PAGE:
The third of three main tourist attractions that I visited during my time in Busan was the Gamcheon Culture Village, a village renowned for its colourful buildings and street art. It has been used many time as the setting for some famous Korean TV dramas, but the reason I wanted to visit was because it seemed to be the Korean version of the ever-popular Balamory (real name Tobermory. Remember it?)
To get there, I had to take the subway to a certain stop whose name I cannot remember right now, then catch a bus from outside a medical centre. The bus ride was, quite frankly, terrifying. We had to drive through all these tiny streets up some of the steepest hills I’ve ever seen a bus go. The hills weren’t even that steep when we went halfway up a freakin’ mountain to get to Beomeosa temple! But we eventually made it and I hopped off the bus next to the visitor centre.
At the main entrance to the village there is a map with the route to see the sights, so I took a photo of this on my phone and headed off with my camera in my hand.
The first thing you notice about the village are all the little statues sitting on walls and on the rooftops. Some are pretty little birds, but some are strange human-bird hybrid things which were pretty creepy on further inspection.
There is lots of art all around the village – murals, sculptures, mosaics, paintings on stairways and on the roads. It was super cool to see so much colour and fun around the place.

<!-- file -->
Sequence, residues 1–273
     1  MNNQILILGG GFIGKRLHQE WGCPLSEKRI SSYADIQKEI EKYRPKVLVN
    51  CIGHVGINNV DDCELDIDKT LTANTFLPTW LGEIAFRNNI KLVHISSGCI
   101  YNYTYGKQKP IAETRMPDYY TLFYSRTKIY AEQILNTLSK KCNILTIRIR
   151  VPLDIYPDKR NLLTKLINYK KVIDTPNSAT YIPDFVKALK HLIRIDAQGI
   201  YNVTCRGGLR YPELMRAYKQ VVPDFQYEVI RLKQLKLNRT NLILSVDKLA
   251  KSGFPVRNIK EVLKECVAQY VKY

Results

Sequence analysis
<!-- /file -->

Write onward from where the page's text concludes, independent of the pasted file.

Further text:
Speaking of colour, the main attraction is, of course, all the colourful houses. While you get the strong feeling that Gamcheon is a much poorer part of Busan, with all the higgledy-piggledy houses and steep, cramped construction (it reminds me a little of a Brazilian shanty town), Gamcheon is still very beautiful.
Along the walk there are a variety of cafés, restaurants and little souvenir shops. I stopped in a cute little open-air café at the top of the hill and sat myself in a seat at the edge of the terrace looking down over the village. From the top, you can see all the way down through the town and out to the sea (as you can see in the photo above). From my high vantage point, I also got to see two little kittens playing on the roof of one of the houses.
It was an interesting sensation walking around, much like walking around a stately home or visiting a house you might buy in the future – I always felt like I was intruding a little, and like I had to be a little bit careful of where I walked. While Gamcheon is most definitely a tourist attraction, it is primarily the place of work and residence for many people, a fact that makes itself known particularly in the form of pets and grocery stores.
I didn’t venture too far as I was worried I would get lost and or/go too far and leave the tourist attraction, so I wasn’t there for too long. A couple of hours at the most. Quite a few of the shops were closed, otherwise I would have pottered around and had a look at the crafts on offer and spent more time enjoying the quiet little place.
I would definitely recommend Gamcheon Culture Village to anyone visiting Busan. It is easy to access and provides a lovely, free tourist activity for a morning or a mid-late afternoon.
Have you ever been to Gamcheon Culture Village, or somewhere similar? Would you ever like to go?
This is a post in my South Korea Second-Timer series. Read the rest here!:
My Holiday Bucket List
Part 1: Plane Panic and, um, Personal Space Please?
Part 2: Welcome to Busan!
Part 3: Hwamyeong, a Temple, and Being Spend Happy
Haedong Yonggungsa 해동용궁사 – The Water Temple
Beomeosa 범어사 – Temple of the Nirvana Fish
Gyeongbokgung Palace 경복궁